When you type ‘leadership’ into Google you are overwhelmed with a wealth of information on leadership styles and techniques. Look up ‘leadership early childhood’ and one of the first references is a wonderful article from Every Child (Volume 18, Number 4, 2012) which outlines the qualities it takes to be a leader in the sector and the understandings we have as to what leadership truly is. Here I draw on my own experience of leading an exceeding service to give some practical tips for new leaders.
1. Have a clear vision
When you go into any service as a leader, particularly a startup, it is important to have a clear vision of what you hope to achieve. Nanus (1992) recognised having a vision as a necessity for setting clear goals for workers. In the case of early childhood, I would suggest building a strong service philosophy which represents your vision. Including educators and families is an important part of ensuring ownership over the vision you are creating.
2. Shared leadership
Early childhood can be a draining sector to work in and wages are not representative of the work and knowledge of the educators. To assist in keeping educators motivated and passionate, allowing them a sense of ownership is fundamental. Shared leadership is one way of doing this, and it also takes some pressure off the Nominated Supervisor or Educational Leader. Having a leadership team that utilises the personal interests and strengths of the educators has endless benefits.
3. Regular educational meetings
One of the most important things we performed at our service was regular educational leader meetings. These were meetings where the leaders of the service could meet weekly to discuss any questions arising as well as current trends and events in the sector. Not only does this help ensure fluidity of the service, but it also helps to keep your leaders motivated and informed which they can take back to their respective rooms.
4. Mentorship—you can’t have one without the other
I firmly believe that leadership and mentorship in early childhood go hand in hand. To be a strong, motivating leader, one must ensure there is a strong mentorship program in place in their service. Every educator should have a mentor that inspires them in the sector—it helps change to be exciting instead of scary. Mentorship keeps people informed and motivated. If it is performed at your service, it should reflect real interests of the staff (avoid tokenism).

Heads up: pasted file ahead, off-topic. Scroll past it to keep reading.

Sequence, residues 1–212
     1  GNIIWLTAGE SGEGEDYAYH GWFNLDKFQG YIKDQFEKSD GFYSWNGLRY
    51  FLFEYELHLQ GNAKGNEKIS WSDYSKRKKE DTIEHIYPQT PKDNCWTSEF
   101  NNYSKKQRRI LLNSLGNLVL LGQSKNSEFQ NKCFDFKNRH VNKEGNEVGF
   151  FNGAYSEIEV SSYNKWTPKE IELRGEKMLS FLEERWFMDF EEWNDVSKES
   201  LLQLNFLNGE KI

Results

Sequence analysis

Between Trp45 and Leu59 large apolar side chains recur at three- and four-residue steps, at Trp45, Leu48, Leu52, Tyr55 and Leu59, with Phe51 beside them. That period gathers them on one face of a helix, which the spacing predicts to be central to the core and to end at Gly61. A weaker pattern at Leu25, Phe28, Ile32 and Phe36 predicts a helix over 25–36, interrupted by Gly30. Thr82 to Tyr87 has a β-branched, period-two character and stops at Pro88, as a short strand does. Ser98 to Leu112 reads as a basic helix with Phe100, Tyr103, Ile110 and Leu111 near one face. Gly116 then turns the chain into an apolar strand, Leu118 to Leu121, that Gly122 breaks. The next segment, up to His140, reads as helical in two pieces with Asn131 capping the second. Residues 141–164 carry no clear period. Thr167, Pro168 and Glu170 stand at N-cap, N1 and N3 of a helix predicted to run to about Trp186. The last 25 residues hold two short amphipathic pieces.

5. Strive for innovation
Early childhood is a sector which constantly evolves and changes. New ideas about practice and approach emerge regularly. I believe in encouraging educators to be a part of that. There are different approaches to this, but we found it helpful to participate in pedagogical investigations. We would pose a question, then research and collect data to help answer that question. This encouraged collaboration and innovation.
6. Stay on the same page
Ensuring fluidity in your service is fundamental. Having the above process in place will help to keep your educators on the same page. Another great way of doing this is in-house professional development. Allowing all your educators to get together to participate in the same professional development (as regularly as their busy lives allow) will encourage this fluidity further as well as help to keep your team motivated.
Lewis, J., & Hill, J. (2012). What does leadership look like in early childhood settings? Every Child, 18(4).
Nanus, B. (1992). Visionary leadership: Creating a compelling sense of direction for your organization. San Francisco, CA: Jossey-Bass.